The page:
Penn State’s Joe Paterno should resign over Sandusky scandal


In 46 seasons as the football coach at Penn State University, Joe Paterno appeared to create a culture of winning and decency he called “Success with Honor.”

Now that the culture has been exposed as a haven for an alleged child molester, Paterno needs to do the honorable thing and resign before he coaches another game.

It’s sad that the winningest coach in major-college football history will end his career with a giant “L” in the human being department, but not nearly so sad as the idea that boys may have been abused because football’s most controlling boss did nothing.


Paterno is a simple man, a basic man, with his trademark black shoes and white socks and thick black glasses remaining unchanged for nearly half a century. Surely this fundamental approach can help him understand why he can no longer run a program whose legendary sparkling blue-and-white uniforms hid a dark sickness within its locker room walls.

On Saturday, Jerry Sandusky, 67, a longtime Nittany Lions defensive coordinator who was once thought to be Paterno’s successor, was charged with sexually abusing eight boys during a 15-year period. The grand jury’s findings of fact in the case read like a horror story, except the location wasn’t some haunted mansion, it was Joe Paterno’s hallowed halls.

The report charges that Sandusky assaulted children in Penn State locker room showers, at Penn State bowl games, and in his home the night before Penn State home games.

“This is a case about a sexual predator who used his position within the university and community to repeatedly prey on young boys,” read a statement from Pennsylvania Atty. Gen. Linda Kelly.

Two top university officials, Vice President Gary Schultz and Athletic Director Tim Curley, were charged with perjury and failure to report to authorities that they knew about the allegations. Paterno was not charged with a crime, but this is where he becomes involved.

How did these men know about the allegations? In one instance, in 2002, Paterno told them, yet they did nothing, and Paterno apparently looked the other direction as Sandusky allegedly continued to molest young boys for seven more years.


According to the grand jury, in 2002, then-graduate assistant coach Mike McQueary witnessed Sandusky sexually assaulting a boy in a shower in the school’s Lasch Football Building. Sandusky had retired three years earlier, but he still had an office in the football building, from which he ran his Second Mile Foundation for needy children.

A day after witnessing the assault, McQueary drove to Paterno’s home and told him what he had seen. Paterno then informed Curley of the incident.

And then, nothing.

Nearly two weeks after the incident, Curley and Schultz met with Sandusky and told him he could no longer bring any Second Mile children onto the campus. But the officials did not alert the police, and Sandusky continued to work as a welcomed member of the Penn State football family.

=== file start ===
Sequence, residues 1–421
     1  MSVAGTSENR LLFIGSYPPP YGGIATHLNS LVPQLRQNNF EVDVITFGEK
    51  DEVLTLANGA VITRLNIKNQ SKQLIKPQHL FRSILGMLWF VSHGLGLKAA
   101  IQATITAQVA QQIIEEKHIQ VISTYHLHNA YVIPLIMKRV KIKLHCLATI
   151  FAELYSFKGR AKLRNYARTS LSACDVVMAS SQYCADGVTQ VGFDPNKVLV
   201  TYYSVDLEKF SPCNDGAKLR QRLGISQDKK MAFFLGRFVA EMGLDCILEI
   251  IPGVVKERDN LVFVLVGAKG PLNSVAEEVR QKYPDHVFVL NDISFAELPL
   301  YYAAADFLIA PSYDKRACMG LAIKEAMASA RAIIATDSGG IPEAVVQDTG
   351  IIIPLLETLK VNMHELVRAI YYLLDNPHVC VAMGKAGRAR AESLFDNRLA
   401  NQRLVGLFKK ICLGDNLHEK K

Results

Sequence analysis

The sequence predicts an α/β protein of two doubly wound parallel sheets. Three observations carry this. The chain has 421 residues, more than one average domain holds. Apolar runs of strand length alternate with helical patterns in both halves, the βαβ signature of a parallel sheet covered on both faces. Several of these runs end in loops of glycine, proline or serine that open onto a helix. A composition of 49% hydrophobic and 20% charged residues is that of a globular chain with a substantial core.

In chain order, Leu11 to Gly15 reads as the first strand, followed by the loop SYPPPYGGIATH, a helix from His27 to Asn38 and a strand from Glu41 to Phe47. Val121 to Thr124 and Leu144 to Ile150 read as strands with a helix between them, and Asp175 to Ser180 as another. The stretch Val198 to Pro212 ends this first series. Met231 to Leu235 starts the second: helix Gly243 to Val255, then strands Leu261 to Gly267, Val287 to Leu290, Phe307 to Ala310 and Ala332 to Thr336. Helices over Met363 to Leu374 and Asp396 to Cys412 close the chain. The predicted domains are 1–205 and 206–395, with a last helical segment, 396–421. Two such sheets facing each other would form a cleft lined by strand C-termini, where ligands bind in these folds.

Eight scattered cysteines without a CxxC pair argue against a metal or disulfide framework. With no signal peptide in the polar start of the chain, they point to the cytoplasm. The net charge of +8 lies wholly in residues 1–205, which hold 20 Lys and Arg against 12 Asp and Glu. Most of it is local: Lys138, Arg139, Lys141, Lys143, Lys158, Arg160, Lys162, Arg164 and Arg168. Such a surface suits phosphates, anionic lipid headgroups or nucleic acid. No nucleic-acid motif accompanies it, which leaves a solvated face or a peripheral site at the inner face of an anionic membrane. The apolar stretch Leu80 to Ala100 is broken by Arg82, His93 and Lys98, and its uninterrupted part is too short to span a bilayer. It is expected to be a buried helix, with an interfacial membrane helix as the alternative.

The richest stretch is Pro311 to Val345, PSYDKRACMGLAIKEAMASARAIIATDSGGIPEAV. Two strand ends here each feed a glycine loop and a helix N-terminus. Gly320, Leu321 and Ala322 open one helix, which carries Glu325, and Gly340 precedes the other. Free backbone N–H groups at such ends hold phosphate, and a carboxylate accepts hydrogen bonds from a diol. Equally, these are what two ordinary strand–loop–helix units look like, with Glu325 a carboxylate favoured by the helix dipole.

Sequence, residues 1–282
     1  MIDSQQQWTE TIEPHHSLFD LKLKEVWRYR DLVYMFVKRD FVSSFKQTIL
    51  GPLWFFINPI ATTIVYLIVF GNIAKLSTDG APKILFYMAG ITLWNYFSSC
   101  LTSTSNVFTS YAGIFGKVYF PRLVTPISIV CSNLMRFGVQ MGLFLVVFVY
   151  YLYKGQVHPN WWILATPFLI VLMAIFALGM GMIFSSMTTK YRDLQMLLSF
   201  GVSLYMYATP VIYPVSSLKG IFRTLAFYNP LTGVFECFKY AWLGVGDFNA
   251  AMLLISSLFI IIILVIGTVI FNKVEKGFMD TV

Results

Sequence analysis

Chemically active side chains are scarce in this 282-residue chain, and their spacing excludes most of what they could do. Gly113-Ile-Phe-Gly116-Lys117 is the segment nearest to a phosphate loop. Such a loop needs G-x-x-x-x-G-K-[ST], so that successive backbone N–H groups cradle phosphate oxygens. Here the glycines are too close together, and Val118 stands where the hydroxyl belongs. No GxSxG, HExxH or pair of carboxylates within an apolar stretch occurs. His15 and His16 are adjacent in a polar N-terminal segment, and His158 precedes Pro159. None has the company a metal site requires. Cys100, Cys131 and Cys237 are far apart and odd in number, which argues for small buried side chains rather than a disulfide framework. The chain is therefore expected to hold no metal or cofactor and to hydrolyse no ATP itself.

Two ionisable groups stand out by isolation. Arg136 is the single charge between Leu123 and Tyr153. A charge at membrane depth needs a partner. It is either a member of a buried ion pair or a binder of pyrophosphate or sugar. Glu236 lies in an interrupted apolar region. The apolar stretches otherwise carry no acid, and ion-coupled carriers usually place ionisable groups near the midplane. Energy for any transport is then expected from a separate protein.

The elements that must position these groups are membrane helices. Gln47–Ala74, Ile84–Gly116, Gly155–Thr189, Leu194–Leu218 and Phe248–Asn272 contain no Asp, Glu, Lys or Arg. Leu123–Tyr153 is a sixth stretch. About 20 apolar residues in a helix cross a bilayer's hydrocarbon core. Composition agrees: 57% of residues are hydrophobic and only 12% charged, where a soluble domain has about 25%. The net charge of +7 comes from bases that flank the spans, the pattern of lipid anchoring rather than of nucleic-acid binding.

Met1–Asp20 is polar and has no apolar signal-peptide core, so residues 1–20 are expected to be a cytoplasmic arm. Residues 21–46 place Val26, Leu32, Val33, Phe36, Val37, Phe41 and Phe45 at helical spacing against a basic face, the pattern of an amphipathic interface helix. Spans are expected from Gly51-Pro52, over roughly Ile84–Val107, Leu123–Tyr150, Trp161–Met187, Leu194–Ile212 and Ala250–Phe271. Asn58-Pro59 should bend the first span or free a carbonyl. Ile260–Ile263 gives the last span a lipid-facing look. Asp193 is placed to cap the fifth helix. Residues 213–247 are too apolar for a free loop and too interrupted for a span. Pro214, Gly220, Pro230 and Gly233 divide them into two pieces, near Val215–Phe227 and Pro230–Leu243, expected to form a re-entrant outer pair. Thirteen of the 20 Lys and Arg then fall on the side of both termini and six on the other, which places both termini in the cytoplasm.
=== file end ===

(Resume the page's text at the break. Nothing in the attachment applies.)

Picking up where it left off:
Curley and Schultz resigned Sunday while Paterno issued a statement.

“If this is true, we were all fooled, along with scores of professionals trained in such things,” read part of the statement. “While I did what I was supposed to do with the one charge brought to my attention, like anyone else involved, I can’t help but be deeply saddened these matters are alleged to have occurred.”

Paterno was fooled? He was informed that a former longtime assistant coach was “behaving inappropriately” while taking a shower with a boy in his locker room. Surely he couldn’t have been less fooled.

Paterno did what he was supposed to do? No, as the most powerful and influential figure on the Penn State campus, he should have done more.


What do you think would have happened if, say, Paterno had gone to his athletic director requesting a change of the shade of black on his football team’s legendary shoes. What if Curley had done nothing with the request? How long before Paterno did something himself? Maybe nine minutes?

Yet he tells Curley about an alleged child molester frolicking in his showers and then casually forgets about it for nine years?

At some point after informing the athletic director of the report, Paterno should have gone to Curley and said, “If you don’t do something, I will.”

Although this is not a gesture mandated by state law or school handbook, it is a fact of simple humanity.

“If you don’t do something, I will,” is a statement that now needs to be directed at the coach by the school’s board of trustees.

For the sake of a university whose continued association with him would damage its success and stain its honor, if Joe Paterno doesn’t quit, they should fire him.